LDS women hosted a Monday night event titled “Women & Girls: Across the Generations” to a standing-room only crowd in the Church Center of the United Nations (CCUN).
“We’ve never had this kind of turnout,” says Kelli Franzen-Houghton of United Families International. “In all the years we’ve been hosting our parallel events, it has never gone this well.”
Nearly 500 yellow flyers were distributed throughout the day by Big Ocean Women (the grassroots delegation of 30 LDS women organized by Provo’s Carolina Allen). More than 200 crowded into the red pews, with a wide variety of nationalities and religious affiliations represented.
The 90-minute session included five women in a “reader’s theater” format telling stories from their journals that illustrated the strong bond they had with their mothers and other ancestors. While these women performed dramatic readings from their journals, a pedigree chart was projected behind them, followed by family photos. Each of the women included a portion of their words in their native language, and their stories represented their cultural backgrounds (Ann Takasaki, Japan; April Gallant, Cuba; Vilma Sagebin, Brazil; Deborah Wene, Africa; Debora Fletcher, Guatemala). Takasaki and Sagebin previously served on the Young Women General Board under Sister Elaine Dalton. Both of them — and Fletcher — are part of Big Ocean Women. Wene is a BYU-Idaho student.
In addition, the night included a presentation by Dr. Tim Rarick from BYU-Idaho speaking about the importance of family relations and the data behind the social benefits of extended family relationships.
Musical numbers included two Utah high school students (Megan Jones and Morgan van Utitert) singing “She Put the Music in Me” and “She” (written by Utah County’s own Cherie Call), which had the audience breaking out in applause before the song ended. The singers sang the last phrase through the strong audience reaction. The final song was “These are the Women I Come From,” which added the voice of Utah County’s Laurie Brown and was accompanied by a slideshow of mothers and children in various settings around the world. The multinational, multireligious crowd came to their feet in a standing ovation.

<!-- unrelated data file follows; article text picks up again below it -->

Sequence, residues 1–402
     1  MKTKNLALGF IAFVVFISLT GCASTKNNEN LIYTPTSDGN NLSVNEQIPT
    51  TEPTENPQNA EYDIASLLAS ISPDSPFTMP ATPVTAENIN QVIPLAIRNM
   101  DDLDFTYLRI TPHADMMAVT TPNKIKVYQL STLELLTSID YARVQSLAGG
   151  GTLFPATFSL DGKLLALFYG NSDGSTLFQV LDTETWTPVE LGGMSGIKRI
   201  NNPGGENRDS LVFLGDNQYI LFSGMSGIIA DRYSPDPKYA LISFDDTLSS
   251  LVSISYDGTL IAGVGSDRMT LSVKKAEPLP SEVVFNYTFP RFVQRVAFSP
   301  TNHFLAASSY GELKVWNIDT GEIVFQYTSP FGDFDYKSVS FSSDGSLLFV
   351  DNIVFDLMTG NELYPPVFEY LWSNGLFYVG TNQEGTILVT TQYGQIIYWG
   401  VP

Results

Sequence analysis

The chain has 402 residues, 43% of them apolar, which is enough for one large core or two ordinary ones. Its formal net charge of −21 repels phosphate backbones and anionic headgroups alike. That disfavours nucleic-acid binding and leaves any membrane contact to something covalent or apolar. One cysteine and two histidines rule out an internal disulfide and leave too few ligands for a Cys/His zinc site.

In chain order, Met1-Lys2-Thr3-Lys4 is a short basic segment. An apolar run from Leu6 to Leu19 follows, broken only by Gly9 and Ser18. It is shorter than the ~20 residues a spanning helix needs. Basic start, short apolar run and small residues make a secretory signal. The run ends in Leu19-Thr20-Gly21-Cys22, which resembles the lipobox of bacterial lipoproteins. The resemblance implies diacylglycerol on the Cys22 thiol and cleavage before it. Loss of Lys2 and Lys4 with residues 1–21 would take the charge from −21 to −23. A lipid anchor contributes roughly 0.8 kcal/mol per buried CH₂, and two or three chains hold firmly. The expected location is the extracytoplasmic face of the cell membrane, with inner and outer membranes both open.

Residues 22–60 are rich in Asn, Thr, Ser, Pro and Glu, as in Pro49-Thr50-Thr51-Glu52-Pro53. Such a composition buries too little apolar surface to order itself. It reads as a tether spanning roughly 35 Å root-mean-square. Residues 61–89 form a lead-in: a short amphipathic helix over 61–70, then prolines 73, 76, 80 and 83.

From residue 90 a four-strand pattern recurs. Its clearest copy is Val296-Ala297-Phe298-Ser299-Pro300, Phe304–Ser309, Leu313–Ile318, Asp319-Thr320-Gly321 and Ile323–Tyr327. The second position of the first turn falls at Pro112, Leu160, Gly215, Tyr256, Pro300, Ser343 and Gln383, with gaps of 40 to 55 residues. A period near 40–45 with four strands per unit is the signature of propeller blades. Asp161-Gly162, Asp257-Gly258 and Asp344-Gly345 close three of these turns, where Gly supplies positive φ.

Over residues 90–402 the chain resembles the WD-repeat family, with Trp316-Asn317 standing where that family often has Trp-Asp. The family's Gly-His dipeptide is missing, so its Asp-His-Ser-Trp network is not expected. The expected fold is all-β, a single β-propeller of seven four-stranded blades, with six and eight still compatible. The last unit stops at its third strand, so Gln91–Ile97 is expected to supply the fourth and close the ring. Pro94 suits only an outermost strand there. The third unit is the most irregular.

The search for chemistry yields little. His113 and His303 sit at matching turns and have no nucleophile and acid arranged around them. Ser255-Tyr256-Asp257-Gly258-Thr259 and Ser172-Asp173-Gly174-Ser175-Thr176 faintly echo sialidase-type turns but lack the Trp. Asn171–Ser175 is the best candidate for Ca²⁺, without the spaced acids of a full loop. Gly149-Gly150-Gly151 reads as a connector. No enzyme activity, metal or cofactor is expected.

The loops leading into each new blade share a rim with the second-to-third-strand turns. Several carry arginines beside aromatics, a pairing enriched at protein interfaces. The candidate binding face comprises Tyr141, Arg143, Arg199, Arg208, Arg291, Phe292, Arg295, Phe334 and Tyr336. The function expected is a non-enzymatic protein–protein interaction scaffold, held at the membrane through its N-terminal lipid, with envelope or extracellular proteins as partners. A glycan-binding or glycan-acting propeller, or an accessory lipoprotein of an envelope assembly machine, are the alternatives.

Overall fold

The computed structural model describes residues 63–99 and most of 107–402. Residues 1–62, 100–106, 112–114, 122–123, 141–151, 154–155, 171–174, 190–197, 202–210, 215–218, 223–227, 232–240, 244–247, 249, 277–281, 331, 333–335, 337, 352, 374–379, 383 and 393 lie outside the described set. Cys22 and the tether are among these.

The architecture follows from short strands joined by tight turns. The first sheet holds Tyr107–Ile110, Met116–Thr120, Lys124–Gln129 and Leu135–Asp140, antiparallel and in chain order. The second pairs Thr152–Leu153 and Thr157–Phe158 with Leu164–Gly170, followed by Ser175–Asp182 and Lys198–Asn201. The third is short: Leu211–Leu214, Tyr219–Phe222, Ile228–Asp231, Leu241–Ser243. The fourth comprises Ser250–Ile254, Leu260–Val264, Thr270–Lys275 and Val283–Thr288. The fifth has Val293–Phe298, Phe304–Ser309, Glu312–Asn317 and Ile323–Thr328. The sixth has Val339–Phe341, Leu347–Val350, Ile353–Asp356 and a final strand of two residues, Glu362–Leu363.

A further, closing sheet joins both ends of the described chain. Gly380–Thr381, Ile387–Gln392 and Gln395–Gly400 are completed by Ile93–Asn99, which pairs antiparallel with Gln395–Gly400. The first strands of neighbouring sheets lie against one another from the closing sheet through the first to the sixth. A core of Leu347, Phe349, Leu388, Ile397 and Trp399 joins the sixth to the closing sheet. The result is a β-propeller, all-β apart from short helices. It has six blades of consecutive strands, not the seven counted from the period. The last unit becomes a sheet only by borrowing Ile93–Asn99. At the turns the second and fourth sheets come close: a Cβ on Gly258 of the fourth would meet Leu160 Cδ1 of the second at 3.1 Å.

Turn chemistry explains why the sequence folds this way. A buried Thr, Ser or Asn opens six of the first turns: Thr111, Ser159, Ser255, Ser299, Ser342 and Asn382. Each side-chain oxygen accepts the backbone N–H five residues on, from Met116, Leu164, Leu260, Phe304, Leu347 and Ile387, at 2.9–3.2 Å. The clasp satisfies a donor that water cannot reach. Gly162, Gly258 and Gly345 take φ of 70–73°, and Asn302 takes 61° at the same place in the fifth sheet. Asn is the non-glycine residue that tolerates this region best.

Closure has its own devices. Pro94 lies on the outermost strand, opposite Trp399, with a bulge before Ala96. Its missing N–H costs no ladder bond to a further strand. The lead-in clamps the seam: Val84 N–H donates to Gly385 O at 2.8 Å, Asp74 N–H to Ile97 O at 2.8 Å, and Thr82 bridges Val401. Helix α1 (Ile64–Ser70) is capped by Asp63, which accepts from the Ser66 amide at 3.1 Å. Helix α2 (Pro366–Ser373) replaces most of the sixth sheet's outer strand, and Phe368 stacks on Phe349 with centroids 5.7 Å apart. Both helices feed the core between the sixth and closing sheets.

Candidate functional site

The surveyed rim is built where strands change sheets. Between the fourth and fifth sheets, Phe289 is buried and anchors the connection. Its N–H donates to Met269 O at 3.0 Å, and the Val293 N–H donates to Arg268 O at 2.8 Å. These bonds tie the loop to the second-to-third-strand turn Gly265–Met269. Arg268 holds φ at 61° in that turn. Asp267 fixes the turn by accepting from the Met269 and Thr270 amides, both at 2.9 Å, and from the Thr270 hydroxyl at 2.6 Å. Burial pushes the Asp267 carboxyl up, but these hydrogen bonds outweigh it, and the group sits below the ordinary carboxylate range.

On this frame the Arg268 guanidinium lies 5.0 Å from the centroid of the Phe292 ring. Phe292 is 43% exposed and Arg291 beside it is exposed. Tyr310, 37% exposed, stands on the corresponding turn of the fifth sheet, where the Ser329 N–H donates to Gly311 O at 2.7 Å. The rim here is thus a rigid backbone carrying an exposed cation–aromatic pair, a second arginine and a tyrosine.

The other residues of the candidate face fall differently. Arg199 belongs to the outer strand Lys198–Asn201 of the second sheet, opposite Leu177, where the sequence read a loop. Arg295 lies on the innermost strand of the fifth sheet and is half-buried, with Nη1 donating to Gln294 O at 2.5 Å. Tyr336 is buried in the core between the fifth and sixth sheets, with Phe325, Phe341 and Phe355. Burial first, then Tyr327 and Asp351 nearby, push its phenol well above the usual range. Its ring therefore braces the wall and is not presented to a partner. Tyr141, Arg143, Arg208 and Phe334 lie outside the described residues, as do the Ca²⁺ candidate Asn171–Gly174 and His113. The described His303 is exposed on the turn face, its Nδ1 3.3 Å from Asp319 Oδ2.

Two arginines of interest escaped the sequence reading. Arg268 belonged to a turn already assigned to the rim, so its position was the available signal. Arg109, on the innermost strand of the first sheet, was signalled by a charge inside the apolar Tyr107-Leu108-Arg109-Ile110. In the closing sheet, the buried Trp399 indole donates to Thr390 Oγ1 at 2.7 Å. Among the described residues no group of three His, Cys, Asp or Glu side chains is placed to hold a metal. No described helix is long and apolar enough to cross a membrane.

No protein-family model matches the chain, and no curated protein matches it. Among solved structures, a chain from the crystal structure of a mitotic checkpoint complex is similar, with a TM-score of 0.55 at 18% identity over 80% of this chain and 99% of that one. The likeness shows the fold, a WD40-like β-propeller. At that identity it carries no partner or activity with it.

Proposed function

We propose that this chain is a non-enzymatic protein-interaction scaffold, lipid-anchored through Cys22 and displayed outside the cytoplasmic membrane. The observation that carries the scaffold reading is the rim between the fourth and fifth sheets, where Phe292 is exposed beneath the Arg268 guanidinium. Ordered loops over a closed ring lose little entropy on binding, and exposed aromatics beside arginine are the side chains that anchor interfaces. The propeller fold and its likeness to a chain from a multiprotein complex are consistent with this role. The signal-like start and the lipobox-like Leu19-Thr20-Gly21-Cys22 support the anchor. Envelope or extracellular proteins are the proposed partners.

Marcia Barlow, long-time UFI leader and Harvard grad, said when they submit a request to host a parallel event at the UN, they must give a 3-day window and then they are assigned a day, time and location.
“When we saw that they gave us an unpopular evening session, we weren’t sure what to expect,” Barlow said. “As it turned out, the time slot might have been a big advantage.”
Every woman who came to the microphone during the Q&A expressed strong emotion about the power of motherhood and the beauty of the “unusual event” that included music, which is extremely uncommon at the UN.
One woman left early and said to the usher at the door, “I’m going to go call my mom.”
Guests were given a gift bag, which included a brochure about familysearch.org, a pedigree chart and the “World Family Declaration,” which is an adapted version of the concepts in “The Family: A Proclamation to the World.” In addition, the bag included a bag of pink and white popcorn with an attached quote: “In every conceivable manner, the family is the link to our past, bridge to our future.”